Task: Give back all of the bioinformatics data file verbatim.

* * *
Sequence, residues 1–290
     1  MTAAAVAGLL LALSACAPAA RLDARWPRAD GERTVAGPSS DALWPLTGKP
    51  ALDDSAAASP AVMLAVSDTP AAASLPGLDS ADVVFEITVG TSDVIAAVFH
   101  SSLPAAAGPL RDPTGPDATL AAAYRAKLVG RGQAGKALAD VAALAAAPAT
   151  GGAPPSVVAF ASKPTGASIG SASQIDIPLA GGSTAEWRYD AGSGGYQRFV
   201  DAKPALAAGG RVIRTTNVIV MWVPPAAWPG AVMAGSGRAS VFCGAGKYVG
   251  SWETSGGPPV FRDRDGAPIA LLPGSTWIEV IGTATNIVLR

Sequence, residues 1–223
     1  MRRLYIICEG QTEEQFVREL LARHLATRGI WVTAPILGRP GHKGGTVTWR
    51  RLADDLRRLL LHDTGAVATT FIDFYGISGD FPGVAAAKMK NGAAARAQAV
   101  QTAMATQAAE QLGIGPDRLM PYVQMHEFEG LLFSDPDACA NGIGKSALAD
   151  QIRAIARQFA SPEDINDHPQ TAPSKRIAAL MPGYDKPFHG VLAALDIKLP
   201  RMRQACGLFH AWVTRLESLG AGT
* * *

Sequence, residues 1–290
     1  MTAAAVAGLL LALSACAPAA RLDARWPRAD GERTVAGPSS DALWPLTGKP
    51  ALDDSAAASP AVMLAVSDTP AAASLPGLDS ADVVFEITVG TSDVIAAVFH
   101  SSLPAAAGPL RDPTGPDATL AAAYRAKLVG RGQAGKALAD VAALAAAPAT
   151  GGAPPSVVAF ASKPTGASIG SASQIDIPLA GGSTAEWRYD AGSGGYQRFV
   201  DAKPALAAGG RVIRTTNVIV MWVPPAAWPG AVMAGSGRAS VFCGAGKYVG
   251  SWETSGGPPV FRDRDGAPIA LLPGSTWIEV IGTATNIVLR

Sequence, residues 1–223
     1  MRRLYIICEG QTEEQFVREL LARHLATRGI WVTAPILGRP GHKGGTVTWR
    51  RLADDLRRLL LHDTGAVATT FIDFYGISGD FPGVAAAKMK NGAAARAQAV
   101  QTAMATQAAE QLGIGPDRLM PYVQMHEFEG LLFSDPDACA NGIGKSALAD
   151  QIRAIARQFA SPEDINDHPQ TAPSKRIAAL MPGYDKPFHG VLAALDIKLP
   201  RMRQACGLFH AWVTRLESLG AGT